Dan : [00:01:40] Sure. I recently joined Accenture it's been about nine months now. Prior to that I worked for the Northrop Grumman Corporation, which is a U.S. based defense contractor, for the past 16 years. A lot of individuals seem to fall into diversity inclusion as a role. But I transitioned probably about 12 years ago now and am doing various assignments within HR and diversity and inclusion. My last role at Northrop Grumman was director of the MRC inclusion, and it was a privilege to meet our Wounded Warriors program called Operation Impact. My experience with that program and that organization only grew my passion for veteran and disability inclusion which I think really kind of launched me to my current position at with Accenture, leading global persons with disabilities program. And I’m very thankful for the tremendous support and guidance I've had from many great leaders and mentors throughout my career. That has opened doors and given me opportunities, sometimes opportunities I didn’t feel I deserved, but they pushed me and believed in me. My professional goal and my personal goal is to open as many doors of opportunity for others as possible. This job is a perfect alignment of my professional goals and my passion, and I feel lucky to be here.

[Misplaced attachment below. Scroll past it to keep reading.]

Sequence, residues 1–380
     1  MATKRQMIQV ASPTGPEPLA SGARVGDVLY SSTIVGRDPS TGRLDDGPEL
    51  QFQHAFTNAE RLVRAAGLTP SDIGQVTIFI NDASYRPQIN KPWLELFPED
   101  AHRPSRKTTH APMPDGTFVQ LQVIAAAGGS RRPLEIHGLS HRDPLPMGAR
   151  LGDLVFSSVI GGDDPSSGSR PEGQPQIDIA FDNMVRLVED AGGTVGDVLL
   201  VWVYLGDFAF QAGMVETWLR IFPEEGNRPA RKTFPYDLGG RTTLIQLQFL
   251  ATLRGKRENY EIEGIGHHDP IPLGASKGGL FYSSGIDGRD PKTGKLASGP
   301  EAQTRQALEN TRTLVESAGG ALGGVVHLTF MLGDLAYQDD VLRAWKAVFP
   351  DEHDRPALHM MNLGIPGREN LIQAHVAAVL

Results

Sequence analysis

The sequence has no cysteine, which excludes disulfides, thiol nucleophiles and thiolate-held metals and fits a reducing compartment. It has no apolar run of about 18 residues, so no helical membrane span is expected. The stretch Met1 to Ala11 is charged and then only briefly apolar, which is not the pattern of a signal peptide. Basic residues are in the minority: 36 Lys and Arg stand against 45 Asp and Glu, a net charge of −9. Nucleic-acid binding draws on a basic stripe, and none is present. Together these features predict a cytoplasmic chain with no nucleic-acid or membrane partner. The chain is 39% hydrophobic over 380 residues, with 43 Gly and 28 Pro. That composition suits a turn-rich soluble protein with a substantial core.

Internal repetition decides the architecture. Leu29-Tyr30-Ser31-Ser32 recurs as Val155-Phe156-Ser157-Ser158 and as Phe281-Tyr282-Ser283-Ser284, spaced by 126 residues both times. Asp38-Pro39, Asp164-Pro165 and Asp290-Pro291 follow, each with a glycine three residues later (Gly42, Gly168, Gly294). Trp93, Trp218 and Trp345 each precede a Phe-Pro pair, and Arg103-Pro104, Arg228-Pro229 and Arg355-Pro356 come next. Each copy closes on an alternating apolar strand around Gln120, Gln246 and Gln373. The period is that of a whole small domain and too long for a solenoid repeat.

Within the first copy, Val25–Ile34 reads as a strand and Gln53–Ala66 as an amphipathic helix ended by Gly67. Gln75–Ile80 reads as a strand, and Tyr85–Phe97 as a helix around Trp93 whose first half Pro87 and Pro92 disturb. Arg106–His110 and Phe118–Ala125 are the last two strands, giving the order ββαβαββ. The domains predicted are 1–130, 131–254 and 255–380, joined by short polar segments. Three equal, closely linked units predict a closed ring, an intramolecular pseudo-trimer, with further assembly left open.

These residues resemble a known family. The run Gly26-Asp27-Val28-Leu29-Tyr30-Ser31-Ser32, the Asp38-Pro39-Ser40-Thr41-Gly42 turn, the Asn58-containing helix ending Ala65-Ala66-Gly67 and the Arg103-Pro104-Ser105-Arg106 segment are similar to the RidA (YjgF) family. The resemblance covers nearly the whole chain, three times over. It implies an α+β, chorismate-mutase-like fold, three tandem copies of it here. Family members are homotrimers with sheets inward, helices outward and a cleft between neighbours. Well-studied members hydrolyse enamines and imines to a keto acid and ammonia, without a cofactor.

Jessica: [00:03:14] Wow, I love hearing about your background and I do think that there are a lot of HR professionals, including myself, who have really fallen into their profession and have fallen in love with the field of human resources. There are a variety of different things that you do when you've been in HR and here you are in the areas of diversity inclusion and accessibility. That's awesome. Let's talk a little bit about Accenture's commitment to accessibility for their employees as well as your customers. Can you talk a little bit about this for us?